Category Archives: Album Reviews
Our unbiased and comprehensive album reviews. We focus more on talking about an album for what it is. We highlight the good points, note the bad, and let you decide for yourself. However, if you really want to see our score look to our “quick hits” list on the right side of our main page and hover your icon over the album’s thumbnail. There, you will see our score based on 1-5. The higher, the better.
July was a plentiful month for releases with Fates Warning, Centinex, Periphery, Black Crown Initiate, and Revocation leading the charge; at least concerning the albums I was able to get a hold of and take the time to listen to. Here is a quick rundown…
Fates Warning – Theories of Flight / Progressive Metal – Released on 1 July 2016 by InsideOutMusic
For fans of the earlier days of Fates Warning, this should be right up your alley. It’s tight, progressive, melodic, and heavy. It’s a solid Fates Warning album; probably one you’ve been wishing for, for a long time. 4 out of 5 Read the rest of this entry →
First of all I am not going to mention that other guy from that other band that is known to be vocalist Jonas Renske’s buddy. Not even going there. I keep seeing those comparisons and it’s driving me nuts. Second, it’s going to be hard not to be a bit biased because of my love for Katatonia’s depressively wonderful melodies. But, The Fall of Hearts is upon us, all 1+ hour of it, and I must speak about it. That’s a huge chunk of melancholy, but the good thing is that it doesn’t “feel” like an hour. So, I expected the album to follow the path of Dethroned and Uncrowned. I mean, let’s face it, that haunting remix of Dead End Kings was well transformed, produced, and engineered. The live concert footage is killer! Why not ride that wave? I probably would, but that’s me. I can milk a cow till she runs dry. Read the rest of this entry →
When BabyMetal popped up some years ago with that very Japanese video for Doki Doki Panic, I got a good kick out of the metal/Jpop hybrid dancing girl trio, watched it a few times, shared it on the Facebook, and then went back about my business of being a trve br00tl metalhead. I guess a lot of people liked that video as it caught on like wildfire and more crazy songs and videos ensued, even a full album. Thinking it was a pure gimmick with no heart like most ‘produced’ bands I passed on it. Not that I don’t have a soft spot for the occasional bit of Jpop, I do play a fuckton of Japanese RPGs (tips hat to the Persona composers) and I do love me some Maximum the Hormone, it just seemed like something that would be forgettable when the image was taken away.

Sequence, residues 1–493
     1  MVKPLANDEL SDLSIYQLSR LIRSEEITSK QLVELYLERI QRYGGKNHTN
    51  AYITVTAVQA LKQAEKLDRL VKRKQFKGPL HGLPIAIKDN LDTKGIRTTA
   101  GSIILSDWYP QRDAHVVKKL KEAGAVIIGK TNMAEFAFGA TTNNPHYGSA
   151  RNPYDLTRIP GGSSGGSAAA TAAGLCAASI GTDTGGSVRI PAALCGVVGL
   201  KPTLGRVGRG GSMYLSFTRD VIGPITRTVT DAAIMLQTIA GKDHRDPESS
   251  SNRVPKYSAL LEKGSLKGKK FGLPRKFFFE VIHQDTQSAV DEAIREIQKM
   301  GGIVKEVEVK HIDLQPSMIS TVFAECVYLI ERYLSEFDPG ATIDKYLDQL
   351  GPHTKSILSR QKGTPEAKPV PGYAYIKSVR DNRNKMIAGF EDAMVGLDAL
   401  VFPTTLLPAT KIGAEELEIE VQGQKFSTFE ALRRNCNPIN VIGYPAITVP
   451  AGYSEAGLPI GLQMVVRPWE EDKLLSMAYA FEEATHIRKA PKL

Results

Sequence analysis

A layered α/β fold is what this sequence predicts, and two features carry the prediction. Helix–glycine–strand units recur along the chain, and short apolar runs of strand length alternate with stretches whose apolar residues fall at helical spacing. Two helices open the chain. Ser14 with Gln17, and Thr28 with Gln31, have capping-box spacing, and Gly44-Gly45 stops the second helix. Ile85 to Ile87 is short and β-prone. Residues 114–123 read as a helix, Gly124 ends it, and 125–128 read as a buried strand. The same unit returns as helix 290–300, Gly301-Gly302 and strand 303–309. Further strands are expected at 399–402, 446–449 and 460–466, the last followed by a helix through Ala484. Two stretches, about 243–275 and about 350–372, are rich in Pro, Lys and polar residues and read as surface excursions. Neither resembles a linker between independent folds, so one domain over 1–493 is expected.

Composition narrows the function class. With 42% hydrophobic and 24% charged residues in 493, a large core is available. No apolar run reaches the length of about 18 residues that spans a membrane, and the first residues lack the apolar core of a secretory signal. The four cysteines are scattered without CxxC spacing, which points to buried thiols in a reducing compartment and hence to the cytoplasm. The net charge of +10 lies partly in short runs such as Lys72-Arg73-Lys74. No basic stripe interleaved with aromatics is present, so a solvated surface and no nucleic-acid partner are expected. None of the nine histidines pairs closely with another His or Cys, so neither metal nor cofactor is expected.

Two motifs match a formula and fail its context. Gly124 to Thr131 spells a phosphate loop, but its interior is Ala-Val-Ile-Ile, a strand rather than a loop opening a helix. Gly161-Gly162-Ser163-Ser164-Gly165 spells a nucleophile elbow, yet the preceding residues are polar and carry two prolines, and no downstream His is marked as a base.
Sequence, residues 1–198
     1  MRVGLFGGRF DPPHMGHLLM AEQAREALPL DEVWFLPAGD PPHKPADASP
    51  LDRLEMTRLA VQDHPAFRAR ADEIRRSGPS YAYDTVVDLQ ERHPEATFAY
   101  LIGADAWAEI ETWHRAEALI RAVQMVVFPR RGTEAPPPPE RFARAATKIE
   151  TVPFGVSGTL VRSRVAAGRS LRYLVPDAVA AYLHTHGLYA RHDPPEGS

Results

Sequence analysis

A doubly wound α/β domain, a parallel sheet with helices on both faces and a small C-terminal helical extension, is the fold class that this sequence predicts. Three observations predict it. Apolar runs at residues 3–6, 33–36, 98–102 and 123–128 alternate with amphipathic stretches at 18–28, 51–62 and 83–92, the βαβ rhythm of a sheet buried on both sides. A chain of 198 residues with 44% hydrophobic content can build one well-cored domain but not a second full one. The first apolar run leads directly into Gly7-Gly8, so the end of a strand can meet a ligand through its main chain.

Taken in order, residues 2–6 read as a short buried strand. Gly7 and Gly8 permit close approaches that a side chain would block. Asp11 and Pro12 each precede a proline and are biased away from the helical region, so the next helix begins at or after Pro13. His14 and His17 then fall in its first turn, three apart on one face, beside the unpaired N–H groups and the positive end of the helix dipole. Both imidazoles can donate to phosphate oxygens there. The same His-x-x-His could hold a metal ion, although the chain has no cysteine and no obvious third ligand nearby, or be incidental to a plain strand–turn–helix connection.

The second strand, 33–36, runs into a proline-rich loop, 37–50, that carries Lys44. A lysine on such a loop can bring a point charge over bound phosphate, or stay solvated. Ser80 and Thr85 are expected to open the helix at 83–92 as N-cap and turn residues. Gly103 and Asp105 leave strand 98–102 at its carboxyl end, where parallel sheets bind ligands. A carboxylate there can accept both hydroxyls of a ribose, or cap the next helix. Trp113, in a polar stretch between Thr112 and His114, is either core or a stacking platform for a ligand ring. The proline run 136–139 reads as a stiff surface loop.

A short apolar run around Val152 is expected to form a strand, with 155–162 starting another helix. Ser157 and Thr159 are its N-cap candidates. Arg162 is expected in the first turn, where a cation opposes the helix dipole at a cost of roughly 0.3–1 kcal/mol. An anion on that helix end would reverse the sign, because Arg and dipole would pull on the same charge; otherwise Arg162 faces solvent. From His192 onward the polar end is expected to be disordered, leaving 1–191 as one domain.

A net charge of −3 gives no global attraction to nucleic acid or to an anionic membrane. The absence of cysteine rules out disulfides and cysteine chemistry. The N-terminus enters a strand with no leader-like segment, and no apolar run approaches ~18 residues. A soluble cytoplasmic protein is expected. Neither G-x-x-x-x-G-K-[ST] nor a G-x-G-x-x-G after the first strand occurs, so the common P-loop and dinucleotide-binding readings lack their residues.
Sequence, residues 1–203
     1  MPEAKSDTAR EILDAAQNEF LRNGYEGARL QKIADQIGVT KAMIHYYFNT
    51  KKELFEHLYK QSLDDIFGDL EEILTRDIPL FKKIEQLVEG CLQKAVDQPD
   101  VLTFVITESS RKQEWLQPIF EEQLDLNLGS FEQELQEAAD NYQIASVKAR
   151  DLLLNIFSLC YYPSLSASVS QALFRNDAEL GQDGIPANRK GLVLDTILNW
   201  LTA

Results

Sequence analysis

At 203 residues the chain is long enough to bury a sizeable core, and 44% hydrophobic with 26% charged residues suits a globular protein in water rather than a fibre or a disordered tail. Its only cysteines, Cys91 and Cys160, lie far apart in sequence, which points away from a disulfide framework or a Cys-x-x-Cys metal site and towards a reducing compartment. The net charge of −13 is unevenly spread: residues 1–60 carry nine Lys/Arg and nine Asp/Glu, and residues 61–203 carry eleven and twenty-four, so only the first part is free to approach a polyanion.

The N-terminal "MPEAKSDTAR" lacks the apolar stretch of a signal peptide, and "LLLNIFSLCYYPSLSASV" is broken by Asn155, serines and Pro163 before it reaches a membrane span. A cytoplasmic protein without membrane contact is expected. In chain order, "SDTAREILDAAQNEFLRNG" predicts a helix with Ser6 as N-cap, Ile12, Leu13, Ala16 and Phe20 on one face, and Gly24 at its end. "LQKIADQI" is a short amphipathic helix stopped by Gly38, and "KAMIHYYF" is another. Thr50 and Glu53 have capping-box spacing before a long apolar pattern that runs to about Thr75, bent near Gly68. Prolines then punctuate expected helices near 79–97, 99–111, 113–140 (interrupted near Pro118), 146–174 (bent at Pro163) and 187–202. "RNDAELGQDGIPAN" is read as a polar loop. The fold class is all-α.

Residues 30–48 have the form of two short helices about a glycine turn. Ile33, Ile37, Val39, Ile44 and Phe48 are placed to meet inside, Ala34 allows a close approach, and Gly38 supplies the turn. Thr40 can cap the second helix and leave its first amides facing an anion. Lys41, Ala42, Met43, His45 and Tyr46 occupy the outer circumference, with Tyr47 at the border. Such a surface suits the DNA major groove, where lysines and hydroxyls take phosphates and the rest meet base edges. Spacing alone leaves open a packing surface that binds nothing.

Last month the new single/video for ‘Karate’ was released and of course I checked it out without hesitation expecting to dig it and then be on my merry way. What I didn’t expect was how much it would catch in my brain. Between that slick groove metal riff, infectious chorus, and chilling outro I kept saying to myself that the people writing the music for these girls really do have some damn fine chops. So, I decided to take the dive and check out the new record, Metal Resistance, to see how well it held up with the image removed and the music holding its own. And boy am I surprised at how much this record kept surprising me.
When Dez Fafara announced DevilDriver was going on hiatus back in 2014, I felt it was the end of the band. Long-time band members were dropping off the roster like flies while Dez’s other band, Coal Chamber, was making a momentous comeback. I was beginning to think Winer Kills was the last album we’d see from DevilDriver. But, that was not the case. With Mike Spreitzer being the remaining musician with any sort of tenure, they recruited Austin D’Amond, Neil Tiemann, and a bassist (Diego Ibarra – listed as touring bassist) and began working on new material in 2015. It was a short-lived hiatus and for DevilDriver fans, it’s a good thing because Trust No One takes DevilDriver in a slightly different direction than we are used to.
For years I’ve always ragged on Amon Amarth for churning out the same album ad nauseam. Killer riff, killer riff, growly growly growly, Vikings, Thor, killer riff, more growling, Vikings again, oh hey look it’s Odin! Luckily, Amon Amarth are a band that, even at their most derivative, write such grand headbanging tunes that I happily purchase each album on release day. Being as dependable as they are, even before popping the CD in I pretty much know what I’m getting; a collection of groovy riffs to sate any pangs I may occasionally have for good ol’ death metal. So, going by their near 20 year track record I went into Jomsviking expecting a very good album that I would listen to a few time throughout the week and then occasionally throughout the rest of the year, much like the rest of their back catalog. Well, it has been a good week solid and not only has Jomsviking been the only album I’ve been exclusively listening to, I’ve also been making opportunities to sneak in a song or two more whenever possible (during smoke breaks, deliberately walking slower to work, etc.) I was expecting good and I got a kegger at Vallhalla!
What really gets me about Jomsviking is it is old reliable Amon Amarth and at the same time a stylistic shift for the band. Olavi Mikkonen and Johan Söderberg’s melodic riffs are still at the forefront of every song and they are made to that classic thick groove thanks to the always proficient Ted Lundström on bass teamed with great pick for studio drummer Tobias Gustafsson. Johan Hegg still remains one of the best and most understandable growlers in the metal realm. Everything that one loves about Amon Amarth is here in spades, but now with extra, and more refined flavor.